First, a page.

Cnidarians: Types & Examples

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  • 0:00 Introduction To Cnidarians
  • 0:49 Body Structure of Cnidarians
  • 3:03 Examples of Cnidarians
  • 6:30 Lesson Summary
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Lesson Transcript
Instructor: Marta Toran

Marta has taught high school and middle school Science and has a Master's degree in Science Education.

Corals and jellyfish belong to a group of invertebrate animals called Cnidarians. In this lesson, you will learn about the classification and biology of these fascinating organisms and their relatives, including one of the most lethal creatures known to mankind: the Australian box jellyfish.

Introduction to Cnidarians

You might not know them as cnidarians, but you are probably more with jellyfish, corals and sea anemones, which all belong to this group of animals. They are simple organisms, which have been around for millions of years, and have remained relatively unchanged.

Although in show business they are often only given guest or minor roles in shows featuring sarcastic sponges or movies starring adorable clownfish, in real life cnidarians are extraordinary organisms that play a critical role in marine ecosystems. They are beautiful, graceful and sometimes extremely dangerous animals, but what makes them truly fascinating is that they can be so simple and yet so diverse (there are over 10,000 species of them!)

Body Structure of Cnidarians

Cnidarians are invertebrate animals (meaning they have no backbone, like insects, worms and sponges,) which live mainly in the ocean at a wide range of depths and temperatures. Their name comes from the Greek word for stinging nettles, 'cnidos', because they have thousands of stinger cells on their tentacles. Each stinger cell releases a harpoon-like structure, which injects poison into their prey, which can hurt, paralyze or even kill them.

Cnidarians can have two basic body forms: polypoid and medusoid. Anemones and corals generally exist as polypoids (the mouth and tentacles of the organism facing up, the other side attached to a rock or other surface), while true jellyfish have medusoid forms (free swimmers with the mouth and tentacles hanging downwards).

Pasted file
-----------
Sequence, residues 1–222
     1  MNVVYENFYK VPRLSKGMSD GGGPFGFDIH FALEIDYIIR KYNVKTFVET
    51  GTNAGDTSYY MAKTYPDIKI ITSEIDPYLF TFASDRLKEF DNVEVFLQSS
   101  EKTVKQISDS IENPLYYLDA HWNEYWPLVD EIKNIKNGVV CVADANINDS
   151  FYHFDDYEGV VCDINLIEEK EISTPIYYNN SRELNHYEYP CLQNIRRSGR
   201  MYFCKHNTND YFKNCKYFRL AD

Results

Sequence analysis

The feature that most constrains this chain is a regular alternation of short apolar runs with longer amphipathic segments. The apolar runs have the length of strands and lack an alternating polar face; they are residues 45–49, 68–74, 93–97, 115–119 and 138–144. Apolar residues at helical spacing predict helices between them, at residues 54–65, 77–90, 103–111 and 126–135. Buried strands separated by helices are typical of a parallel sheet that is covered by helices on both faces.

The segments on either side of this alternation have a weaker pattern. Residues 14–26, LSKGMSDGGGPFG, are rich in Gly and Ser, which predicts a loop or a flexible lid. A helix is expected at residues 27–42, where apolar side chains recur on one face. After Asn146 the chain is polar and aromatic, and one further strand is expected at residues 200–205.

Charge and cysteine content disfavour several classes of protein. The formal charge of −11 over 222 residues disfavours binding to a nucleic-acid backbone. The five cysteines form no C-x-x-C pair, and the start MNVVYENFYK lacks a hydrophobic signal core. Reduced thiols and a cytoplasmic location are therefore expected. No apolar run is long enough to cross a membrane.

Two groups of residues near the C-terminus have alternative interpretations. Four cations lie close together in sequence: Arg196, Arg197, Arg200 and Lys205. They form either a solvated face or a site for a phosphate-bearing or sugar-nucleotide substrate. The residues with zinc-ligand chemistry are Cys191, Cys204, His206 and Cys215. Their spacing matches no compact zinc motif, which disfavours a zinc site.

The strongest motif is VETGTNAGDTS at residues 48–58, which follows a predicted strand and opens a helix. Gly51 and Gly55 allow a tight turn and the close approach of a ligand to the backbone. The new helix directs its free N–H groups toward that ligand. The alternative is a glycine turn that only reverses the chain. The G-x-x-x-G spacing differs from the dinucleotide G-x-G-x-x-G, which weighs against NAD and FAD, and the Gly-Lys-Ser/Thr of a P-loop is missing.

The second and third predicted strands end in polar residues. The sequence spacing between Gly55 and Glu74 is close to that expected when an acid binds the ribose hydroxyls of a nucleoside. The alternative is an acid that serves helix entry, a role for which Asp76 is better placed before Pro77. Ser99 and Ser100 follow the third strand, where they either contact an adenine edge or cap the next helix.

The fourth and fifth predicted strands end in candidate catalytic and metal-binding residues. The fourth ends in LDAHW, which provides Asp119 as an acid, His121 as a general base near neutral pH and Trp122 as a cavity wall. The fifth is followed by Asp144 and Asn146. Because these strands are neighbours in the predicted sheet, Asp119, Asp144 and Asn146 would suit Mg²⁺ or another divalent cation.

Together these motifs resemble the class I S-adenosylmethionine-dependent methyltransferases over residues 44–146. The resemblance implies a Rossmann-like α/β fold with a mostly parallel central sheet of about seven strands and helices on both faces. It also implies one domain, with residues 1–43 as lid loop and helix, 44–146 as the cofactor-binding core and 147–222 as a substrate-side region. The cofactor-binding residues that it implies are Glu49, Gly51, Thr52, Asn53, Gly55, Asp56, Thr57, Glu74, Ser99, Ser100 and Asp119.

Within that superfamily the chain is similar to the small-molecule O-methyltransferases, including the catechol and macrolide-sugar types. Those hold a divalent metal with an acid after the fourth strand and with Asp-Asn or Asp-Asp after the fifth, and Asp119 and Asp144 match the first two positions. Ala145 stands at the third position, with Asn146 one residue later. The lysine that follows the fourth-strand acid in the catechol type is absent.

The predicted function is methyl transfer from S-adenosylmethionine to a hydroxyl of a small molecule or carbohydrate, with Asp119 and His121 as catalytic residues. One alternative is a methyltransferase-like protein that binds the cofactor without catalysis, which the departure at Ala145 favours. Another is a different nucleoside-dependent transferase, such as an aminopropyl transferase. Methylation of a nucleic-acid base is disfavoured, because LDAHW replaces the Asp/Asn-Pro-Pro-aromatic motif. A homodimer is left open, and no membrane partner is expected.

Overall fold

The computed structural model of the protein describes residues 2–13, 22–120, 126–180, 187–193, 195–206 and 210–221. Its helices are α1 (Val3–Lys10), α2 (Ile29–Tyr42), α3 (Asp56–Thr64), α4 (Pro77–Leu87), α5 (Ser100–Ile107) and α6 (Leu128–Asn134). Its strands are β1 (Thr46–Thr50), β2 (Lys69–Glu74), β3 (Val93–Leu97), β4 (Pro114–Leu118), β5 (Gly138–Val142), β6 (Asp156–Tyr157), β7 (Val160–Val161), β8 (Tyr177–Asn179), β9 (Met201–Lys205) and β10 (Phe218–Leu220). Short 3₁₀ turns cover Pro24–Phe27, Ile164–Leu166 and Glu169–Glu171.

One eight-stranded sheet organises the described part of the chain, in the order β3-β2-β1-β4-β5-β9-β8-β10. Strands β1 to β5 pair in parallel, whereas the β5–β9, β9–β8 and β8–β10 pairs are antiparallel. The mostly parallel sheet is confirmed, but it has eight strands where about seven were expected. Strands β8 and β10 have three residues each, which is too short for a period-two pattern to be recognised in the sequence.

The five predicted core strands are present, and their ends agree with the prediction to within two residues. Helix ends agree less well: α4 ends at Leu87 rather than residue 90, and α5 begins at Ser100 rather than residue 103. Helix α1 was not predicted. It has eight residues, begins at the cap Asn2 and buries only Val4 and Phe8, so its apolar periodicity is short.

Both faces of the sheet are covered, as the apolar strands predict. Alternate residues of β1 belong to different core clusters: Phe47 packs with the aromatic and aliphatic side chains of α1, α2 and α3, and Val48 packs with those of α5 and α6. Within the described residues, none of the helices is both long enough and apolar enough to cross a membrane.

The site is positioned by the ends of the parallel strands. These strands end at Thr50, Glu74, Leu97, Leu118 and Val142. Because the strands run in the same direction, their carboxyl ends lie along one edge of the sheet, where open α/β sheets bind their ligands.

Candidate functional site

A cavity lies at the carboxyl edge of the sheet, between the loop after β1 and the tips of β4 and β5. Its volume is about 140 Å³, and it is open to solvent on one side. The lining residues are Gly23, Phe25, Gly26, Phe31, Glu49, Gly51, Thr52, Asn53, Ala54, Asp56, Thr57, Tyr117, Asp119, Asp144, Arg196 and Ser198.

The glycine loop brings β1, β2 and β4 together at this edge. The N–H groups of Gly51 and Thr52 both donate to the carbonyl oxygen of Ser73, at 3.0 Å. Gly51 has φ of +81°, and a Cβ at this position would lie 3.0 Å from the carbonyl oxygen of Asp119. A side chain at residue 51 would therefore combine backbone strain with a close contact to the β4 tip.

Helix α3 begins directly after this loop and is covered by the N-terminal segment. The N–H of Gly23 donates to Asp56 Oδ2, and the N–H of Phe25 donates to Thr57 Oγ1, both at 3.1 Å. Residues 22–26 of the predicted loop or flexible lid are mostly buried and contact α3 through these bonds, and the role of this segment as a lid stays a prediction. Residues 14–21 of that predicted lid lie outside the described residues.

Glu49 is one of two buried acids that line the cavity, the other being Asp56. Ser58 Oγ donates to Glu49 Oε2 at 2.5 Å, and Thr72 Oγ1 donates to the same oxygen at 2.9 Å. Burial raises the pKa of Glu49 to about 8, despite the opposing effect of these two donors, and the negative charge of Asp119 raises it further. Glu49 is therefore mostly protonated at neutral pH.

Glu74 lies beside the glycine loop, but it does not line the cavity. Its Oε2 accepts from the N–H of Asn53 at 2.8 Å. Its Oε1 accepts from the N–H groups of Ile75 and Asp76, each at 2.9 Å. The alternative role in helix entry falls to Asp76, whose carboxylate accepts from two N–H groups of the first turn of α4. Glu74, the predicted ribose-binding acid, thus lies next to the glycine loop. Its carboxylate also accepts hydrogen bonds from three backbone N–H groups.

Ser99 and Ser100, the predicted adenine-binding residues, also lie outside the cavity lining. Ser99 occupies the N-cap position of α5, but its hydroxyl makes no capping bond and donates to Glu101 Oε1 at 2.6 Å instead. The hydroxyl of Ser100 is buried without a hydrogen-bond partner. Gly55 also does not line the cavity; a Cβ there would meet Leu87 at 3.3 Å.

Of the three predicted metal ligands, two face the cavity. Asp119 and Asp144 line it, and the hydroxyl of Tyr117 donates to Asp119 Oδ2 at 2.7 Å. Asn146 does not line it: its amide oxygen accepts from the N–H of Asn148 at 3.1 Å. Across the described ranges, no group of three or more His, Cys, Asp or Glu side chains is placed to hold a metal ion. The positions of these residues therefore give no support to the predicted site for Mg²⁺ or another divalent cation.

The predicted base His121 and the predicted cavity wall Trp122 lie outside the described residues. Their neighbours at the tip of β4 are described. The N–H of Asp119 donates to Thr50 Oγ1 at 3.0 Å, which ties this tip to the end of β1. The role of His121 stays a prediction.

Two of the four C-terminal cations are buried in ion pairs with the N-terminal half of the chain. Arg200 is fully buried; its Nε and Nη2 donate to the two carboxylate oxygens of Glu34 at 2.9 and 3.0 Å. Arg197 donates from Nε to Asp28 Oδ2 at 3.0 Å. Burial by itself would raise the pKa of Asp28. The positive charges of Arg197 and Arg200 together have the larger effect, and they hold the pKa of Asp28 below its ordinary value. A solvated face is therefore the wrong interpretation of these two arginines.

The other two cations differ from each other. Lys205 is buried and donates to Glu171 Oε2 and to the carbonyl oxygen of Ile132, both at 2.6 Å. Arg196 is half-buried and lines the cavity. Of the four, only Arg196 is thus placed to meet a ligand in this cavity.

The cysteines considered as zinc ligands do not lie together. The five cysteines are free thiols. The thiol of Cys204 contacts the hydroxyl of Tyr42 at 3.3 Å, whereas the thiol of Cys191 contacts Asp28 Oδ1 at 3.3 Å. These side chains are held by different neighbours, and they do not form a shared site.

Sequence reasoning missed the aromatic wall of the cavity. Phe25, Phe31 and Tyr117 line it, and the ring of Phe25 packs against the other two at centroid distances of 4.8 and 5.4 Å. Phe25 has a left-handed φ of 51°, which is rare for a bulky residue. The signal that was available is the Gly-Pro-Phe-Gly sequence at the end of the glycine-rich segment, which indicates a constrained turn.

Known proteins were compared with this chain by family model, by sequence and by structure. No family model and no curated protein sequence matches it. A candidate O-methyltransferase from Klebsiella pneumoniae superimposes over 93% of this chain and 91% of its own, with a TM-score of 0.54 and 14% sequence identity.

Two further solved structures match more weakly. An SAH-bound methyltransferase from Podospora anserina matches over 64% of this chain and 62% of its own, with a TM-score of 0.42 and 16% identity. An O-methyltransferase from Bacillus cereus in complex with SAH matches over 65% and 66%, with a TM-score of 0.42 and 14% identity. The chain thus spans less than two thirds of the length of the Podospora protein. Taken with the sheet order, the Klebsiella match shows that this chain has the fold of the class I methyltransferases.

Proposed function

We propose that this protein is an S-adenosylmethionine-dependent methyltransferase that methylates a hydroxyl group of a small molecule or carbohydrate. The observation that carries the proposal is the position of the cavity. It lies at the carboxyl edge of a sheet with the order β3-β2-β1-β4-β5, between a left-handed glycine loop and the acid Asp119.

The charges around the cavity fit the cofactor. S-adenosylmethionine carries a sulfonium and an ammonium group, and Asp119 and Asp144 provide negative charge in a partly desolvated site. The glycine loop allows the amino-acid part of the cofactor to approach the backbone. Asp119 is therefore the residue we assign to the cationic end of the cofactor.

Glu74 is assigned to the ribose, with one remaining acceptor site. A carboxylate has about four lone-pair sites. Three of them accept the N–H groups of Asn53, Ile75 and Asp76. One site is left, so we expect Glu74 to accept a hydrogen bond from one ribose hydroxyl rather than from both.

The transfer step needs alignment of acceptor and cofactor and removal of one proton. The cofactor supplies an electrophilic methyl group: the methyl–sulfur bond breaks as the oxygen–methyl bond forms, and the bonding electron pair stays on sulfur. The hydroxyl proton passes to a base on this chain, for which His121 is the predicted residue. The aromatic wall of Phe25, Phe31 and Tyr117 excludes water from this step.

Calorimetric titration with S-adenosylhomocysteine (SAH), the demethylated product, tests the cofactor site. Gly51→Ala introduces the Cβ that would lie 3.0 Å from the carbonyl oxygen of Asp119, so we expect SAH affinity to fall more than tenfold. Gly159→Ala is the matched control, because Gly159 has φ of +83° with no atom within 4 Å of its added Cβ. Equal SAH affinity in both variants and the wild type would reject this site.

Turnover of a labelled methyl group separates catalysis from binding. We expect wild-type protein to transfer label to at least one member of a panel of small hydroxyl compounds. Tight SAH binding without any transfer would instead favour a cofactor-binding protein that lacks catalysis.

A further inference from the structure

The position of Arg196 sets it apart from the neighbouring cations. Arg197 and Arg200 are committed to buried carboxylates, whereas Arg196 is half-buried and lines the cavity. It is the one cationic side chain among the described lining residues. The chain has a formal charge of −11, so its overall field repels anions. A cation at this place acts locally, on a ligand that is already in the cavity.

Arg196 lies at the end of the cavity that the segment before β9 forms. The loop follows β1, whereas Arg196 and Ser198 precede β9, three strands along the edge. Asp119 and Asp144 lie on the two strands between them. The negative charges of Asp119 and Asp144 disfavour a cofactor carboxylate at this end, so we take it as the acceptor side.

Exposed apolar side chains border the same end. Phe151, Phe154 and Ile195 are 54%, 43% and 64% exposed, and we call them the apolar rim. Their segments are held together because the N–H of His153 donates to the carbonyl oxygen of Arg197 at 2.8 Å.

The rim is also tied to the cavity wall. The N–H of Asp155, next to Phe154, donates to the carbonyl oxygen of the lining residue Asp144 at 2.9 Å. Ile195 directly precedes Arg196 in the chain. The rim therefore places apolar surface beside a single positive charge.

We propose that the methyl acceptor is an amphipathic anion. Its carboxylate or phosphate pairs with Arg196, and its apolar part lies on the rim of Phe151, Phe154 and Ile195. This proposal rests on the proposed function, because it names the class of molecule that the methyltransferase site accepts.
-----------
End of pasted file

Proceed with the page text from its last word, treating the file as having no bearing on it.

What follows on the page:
Polypoid and Medusoid Body Forms

Some cnidarians go through both stages in their life cycle. A particularly interesting case is that of the Immortal Jellyfish (Turritopsis nutricula) pictured here, which reaches sexual maturity as a medusoid and is then able to revert back to its immature polyp stage after it reproduces. Basically, it would be the equivalent of becoming an adolescent, having a baby and then reverting back to being a preteen and going through puberty all over again, and then again and again, thus staying forever young. This 'turning back the clock' can go on for many generations, in theory making the jellyfish 'immortal', although in reality competition, predation or disease would eventually kill it.

Immortal Jellyfish
Immortal Jellyfish (Turritopsis nutricula)

In addition to the two possible body forms, all Cnidarians share certain common features:

  • They have nematocysts (stinging cells)
  • They have radial symmetry (cutting planes through the center creates identical segments; they have top and bottom but no 'sides')
  • They are carnivores (they feed on smaller invertebrates)
  • They have no organs or organ systems (just tissues containing specialized cells grouped together)
  • They have no brains but have nerve impulses running through their body and are able to detect signals from the environment

Examples of Cnidarians

Cnidarians are classified into four main classes according to their body forms and characteristics, all of which you're looking at on screen:

Cnidarian Classification


Anthozoa (flower-like animals) are strictly polypoids that attach to solid surfaces such as rocks, shells and sometimes other living organisms. This class includes true corals, anemones and sea pens. Corals are polyp colonies which feed on plankton they trap with their tentacles. They form reefs, which are among the world's most productive ecosystems because they host photosynthetic algae. Fish and other invertebrates also live among the coral, hiding from predators among the coral's stinging tentacles in exchange for food scraps. Anemones may look like beautiful, exotic underwater flowers, but they are vicious predators that use their tentacles to lure and trap small fish and shrimp passing by.


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